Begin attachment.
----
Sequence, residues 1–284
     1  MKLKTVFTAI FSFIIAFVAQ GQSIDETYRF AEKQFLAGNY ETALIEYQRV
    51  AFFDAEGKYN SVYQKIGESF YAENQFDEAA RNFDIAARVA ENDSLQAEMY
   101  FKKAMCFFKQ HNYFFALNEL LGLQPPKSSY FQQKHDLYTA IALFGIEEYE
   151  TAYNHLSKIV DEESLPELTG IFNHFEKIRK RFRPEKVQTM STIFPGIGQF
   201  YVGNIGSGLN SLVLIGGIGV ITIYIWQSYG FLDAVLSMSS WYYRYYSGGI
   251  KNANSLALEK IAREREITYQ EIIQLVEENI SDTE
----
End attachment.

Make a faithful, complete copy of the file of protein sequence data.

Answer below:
Sequence, residues 1–284
     1  MKLKTVFTAI FSFIIAFVAQ GQSIDETYRF AEKQFLAGNY ETALIEYQRV
    51  AFFDAEGKYN SVYQKIGESF YAENQFDEAA RNFDIAARVA ENDSLQAEMY
   101  FKKAMCFFKQ HNYFFALNEL LGLQPPKSSY FQQKHDLYTA IALFGIEEYE
   151  TAYNHLSKIV DEESLPELTG IFNHFEKIRK RFRPEKVQTM STIFPGIGQF
   201  YVGNIGSGLN SLVLIGGIGV ITIYIWQSYG FLDAVLSMSS WYYRYYSGGI
   251  KNANSLALEK IAREREITYQ EIIQLVEENI SDTE